Today’s post is part of a series exploring areas of focus and innovation for NI software.
Today’s Featured Author
Jeff Phillips considers LabVIEW as essential to his day as food, water, and oxygen. As senior group manager for LabVIEW product marketing at NI, Jeff focuses on how LabVIEW can meet the changing needs of users. You can follow him on Twitter at @TheLabVIEWLion.
This past Saturday, I was watching the Disney Junior television series Jake and the Never Land Pirates with my daughter. After 473 straight episodes, my mind started to wonder toward unfinished business at work. As my subconscious carried my mind back to my computer, I heard Captain Hook yell at the bumbling Mr. Smee “time is everything!” after the first mate spoiled yet another impossibly ridiculous attempt to trap the antagonist pirates. That got me thinking about a UX review we were doing at work related to “time to first measurement” design flows in LabVIEW.
The concept of time plays many roles within LabVIEW, but perhaps the most important to the highest volume of LabVIEW users is the time it takes to get to data. A few weeks ago, I visited with an account who, despite being an avid and very experienced programmer, asked to see the ability to access data without the requirement of writing code. LabVIEW has proven to be an amazing tool for developing code to automate the acquisition, analysis, and presentation of measurement data. However, there are three key areas that we’re focusing on to improve LabVIEW as a general data acquisition tool.
No Requirement to Program
Amongst the purists, there’s an age-old debate over whether LabVIEW is a tool or a programming language. Make no mistake. LabVIEW is a tool that was specifically designed to give the engineering community the ability to interface with the world around them through PC-based hardware. At the core of LabVIEW is G, a graphical dataflow language that uses abstracted blocks to represent functional logic and physical wires to transport data between those blocks. Although I believe with every fiber of my being that G (inside of LabVIEW) is the best and most efficient way to develop automated measurement applications, there are many times that you just want to get the data and don’t care about doing so over and over. We’re working on some unique UX flows within the product that give you the ability to move from seeing the hardware to getting the data without needing to write code on the block diagram.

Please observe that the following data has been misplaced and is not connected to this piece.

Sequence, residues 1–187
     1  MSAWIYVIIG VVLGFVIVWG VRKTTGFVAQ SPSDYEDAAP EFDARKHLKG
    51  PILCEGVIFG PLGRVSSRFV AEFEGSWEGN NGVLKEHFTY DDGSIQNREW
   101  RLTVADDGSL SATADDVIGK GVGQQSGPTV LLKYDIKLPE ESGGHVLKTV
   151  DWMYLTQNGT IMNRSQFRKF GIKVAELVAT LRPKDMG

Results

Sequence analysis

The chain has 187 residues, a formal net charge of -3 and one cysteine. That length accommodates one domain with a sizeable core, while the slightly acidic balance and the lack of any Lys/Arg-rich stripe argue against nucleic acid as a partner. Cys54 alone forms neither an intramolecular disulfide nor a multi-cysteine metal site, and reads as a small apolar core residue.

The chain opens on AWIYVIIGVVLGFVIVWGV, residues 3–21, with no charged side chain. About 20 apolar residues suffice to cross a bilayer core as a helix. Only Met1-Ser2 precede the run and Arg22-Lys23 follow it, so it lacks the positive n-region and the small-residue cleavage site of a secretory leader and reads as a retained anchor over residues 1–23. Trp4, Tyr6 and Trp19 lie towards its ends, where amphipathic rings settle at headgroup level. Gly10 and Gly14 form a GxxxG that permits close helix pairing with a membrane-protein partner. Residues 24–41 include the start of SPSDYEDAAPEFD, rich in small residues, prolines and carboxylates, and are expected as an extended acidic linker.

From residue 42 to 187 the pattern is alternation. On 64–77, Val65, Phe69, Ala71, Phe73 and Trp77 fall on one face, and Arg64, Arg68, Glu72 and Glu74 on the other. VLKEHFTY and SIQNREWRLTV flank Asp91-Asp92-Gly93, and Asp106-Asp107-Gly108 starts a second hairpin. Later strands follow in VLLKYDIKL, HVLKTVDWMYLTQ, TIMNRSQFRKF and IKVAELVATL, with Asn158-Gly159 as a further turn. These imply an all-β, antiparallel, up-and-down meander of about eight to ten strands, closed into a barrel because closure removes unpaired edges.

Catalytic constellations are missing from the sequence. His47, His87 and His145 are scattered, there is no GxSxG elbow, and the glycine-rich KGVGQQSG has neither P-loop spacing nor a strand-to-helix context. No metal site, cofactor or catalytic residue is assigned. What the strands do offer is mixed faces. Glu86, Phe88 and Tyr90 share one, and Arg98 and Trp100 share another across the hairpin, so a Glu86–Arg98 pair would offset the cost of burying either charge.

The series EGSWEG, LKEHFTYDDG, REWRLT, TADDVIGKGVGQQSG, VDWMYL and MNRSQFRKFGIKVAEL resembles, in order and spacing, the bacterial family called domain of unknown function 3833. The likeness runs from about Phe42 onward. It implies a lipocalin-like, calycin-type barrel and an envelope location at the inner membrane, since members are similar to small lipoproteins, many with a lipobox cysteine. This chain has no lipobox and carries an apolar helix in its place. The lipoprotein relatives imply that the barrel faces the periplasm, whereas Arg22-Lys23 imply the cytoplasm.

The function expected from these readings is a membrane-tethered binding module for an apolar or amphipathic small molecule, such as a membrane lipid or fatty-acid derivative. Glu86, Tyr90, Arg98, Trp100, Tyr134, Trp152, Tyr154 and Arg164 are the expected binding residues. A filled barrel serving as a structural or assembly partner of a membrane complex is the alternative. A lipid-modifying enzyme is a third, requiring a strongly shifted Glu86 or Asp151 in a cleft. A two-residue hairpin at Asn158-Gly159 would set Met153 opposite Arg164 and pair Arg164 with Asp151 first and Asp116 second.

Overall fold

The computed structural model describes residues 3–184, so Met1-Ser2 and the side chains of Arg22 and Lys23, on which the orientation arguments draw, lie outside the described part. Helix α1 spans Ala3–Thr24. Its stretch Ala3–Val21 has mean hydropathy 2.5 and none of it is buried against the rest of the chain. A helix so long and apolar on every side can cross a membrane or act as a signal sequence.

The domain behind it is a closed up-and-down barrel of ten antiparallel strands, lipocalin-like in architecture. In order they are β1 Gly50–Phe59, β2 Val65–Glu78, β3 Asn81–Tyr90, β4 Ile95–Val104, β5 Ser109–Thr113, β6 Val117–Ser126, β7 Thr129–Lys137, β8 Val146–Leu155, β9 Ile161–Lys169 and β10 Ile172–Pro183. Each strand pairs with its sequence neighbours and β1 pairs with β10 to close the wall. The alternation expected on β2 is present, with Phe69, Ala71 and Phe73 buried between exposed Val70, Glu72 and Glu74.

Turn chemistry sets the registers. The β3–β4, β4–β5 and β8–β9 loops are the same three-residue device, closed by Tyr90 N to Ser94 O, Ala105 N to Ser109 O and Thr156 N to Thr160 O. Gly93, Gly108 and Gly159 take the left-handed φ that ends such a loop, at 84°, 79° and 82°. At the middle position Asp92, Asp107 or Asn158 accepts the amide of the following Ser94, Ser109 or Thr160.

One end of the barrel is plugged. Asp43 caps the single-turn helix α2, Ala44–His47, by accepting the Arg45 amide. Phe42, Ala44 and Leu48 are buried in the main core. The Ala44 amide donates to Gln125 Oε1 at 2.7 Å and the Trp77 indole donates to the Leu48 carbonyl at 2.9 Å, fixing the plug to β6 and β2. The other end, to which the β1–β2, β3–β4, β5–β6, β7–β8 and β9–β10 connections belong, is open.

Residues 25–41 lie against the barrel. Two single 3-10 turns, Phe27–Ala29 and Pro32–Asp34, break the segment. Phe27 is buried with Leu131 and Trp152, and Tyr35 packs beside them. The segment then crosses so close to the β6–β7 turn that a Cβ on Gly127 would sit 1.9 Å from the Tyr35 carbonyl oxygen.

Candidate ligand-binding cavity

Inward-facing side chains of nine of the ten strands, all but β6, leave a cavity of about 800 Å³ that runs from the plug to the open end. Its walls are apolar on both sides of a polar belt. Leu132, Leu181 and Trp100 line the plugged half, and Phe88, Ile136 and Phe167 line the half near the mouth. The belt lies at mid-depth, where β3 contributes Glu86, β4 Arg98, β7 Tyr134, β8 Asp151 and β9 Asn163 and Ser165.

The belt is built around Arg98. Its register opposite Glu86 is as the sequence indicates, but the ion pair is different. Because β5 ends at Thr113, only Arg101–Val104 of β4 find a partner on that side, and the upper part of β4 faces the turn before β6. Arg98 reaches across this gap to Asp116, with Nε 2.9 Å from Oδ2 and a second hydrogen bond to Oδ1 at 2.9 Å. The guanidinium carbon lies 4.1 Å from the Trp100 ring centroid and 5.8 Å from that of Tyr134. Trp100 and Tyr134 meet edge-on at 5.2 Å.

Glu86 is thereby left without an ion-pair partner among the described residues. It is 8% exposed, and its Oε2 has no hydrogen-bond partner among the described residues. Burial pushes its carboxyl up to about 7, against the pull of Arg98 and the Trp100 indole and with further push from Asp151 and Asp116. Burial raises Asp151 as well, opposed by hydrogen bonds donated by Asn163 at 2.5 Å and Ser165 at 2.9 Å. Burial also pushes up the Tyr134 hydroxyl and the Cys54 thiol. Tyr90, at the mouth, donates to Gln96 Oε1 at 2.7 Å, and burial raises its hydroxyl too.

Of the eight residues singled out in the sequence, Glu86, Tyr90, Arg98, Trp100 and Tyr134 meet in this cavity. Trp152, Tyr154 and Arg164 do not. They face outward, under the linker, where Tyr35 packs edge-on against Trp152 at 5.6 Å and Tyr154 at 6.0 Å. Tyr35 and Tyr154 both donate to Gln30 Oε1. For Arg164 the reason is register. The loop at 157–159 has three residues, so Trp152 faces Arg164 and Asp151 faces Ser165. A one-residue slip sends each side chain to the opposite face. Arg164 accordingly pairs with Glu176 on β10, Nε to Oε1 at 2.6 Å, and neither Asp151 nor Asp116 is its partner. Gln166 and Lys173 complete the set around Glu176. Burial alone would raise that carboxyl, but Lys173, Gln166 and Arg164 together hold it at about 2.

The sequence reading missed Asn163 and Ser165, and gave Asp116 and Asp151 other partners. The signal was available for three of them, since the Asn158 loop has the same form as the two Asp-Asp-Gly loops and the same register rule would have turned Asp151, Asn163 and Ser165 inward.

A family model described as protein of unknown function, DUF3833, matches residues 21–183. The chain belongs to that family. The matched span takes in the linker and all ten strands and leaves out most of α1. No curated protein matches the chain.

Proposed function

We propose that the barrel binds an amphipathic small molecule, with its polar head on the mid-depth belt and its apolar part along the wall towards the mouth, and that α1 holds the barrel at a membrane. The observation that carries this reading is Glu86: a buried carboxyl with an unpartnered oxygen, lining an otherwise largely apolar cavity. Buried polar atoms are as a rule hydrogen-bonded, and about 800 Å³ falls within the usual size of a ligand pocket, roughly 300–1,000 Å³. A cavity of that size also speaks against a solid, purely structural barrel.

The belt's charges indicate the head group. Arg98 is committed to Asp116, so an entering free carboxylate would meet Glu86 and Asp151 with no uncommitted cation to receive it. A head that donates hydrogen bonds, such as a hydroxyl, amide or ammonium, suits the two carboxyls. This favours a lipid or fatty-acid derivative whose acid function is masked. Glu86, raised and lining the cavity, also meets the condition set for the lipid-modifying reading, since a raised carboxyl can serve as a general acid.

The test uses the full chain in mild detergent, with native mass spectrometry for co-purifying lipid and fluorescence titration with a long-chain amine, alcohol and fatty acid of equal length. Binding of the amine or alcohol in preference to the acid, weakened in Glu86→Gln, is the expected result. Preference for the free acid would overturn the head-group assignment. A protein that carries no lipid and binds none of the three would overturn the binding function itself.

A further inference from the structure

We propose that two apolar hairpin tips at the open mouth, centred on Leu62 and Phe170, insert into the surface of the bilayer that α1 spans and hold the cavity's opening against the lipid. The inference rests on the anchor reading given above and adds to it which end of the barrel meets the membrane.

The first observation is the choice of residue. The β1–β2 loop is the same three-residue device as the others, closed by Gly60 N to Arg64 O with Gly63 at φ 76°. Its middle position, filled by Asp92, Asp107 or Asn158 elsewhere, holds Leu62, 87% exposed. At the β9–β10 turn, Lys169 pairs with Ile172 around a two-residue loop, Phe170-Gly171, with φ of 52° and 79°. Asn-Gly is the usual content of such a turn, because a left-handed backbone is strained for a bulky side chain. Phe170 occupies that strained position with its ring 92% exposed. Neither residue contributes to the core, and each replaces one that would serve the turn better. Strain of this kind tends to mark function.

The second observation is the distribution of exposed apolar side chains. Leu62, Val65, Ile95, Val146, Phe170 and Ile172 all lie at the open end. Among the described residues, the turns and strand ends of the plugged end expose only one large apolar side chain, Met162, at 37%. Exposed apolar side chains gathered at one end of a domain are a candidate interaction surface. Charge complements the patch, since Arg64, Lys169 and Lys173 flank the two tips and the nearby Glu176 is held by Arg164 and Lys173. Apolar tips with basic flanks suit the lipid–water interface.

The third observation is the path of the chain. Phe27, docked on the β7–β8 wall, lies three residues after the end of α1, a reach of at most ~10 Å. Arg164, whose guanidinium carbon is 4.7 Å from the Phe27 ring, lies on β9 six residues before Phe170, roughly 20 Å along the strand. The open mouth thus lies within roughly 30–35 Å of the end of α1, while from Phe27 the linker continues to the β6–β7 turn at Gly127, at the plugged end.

Improved In-Product Configuration
I touched on this a bit in a previous article, but you should be able to discover your hardware inside of LabVIEW without a secondary improvements to LabVIEW. From the discovery of hardware to thedeployment of code to it, your one-stop shop for that experience is being designed into LabVIEW. Measurement & Automation Explorer. This is a key tenet as we prioritize our improvements to LabVIEW. From the discovery of hardware to the deployment of code to it, your one-stop shop for that experience is being designed into LabVIEW.
Improved Driver Discoverability
The third key area is driver installation. In the modern era, we are all typically used to having our device either find its driver automatically or come preloaded with it. As I envision a perfect future, I see a world where LabVIEW, as a “hardware-aware” tool, can automatically detect the driver you need, automatically determine the version that is compatible with other hardware interfaces in the same system, go find that version, and install it in real time.
Of course, the concept of time extends far beyond this instantiation in LabVIEW. LabVIEW is the only measurement software with a waveform data type that propagates the concept of time throughout a compile chain. LabVIEW is the only measurement software with a Timed Loop—a logic flow that is controlled by either a hardware clock, rising or falling edges of a digital signal, or even the predetermined close rates of an OS itself. From saving you time in your day-to-day job to exposing the elusive concept of time in a highly synchronized and distributed application, LabVIEW is designed from the ground up (and being improved inside and out) to continue down this path.
We’re not forgetting about a mortal enemy by the name of Tick-Tock the Croc. Tick-tock, tick-tock.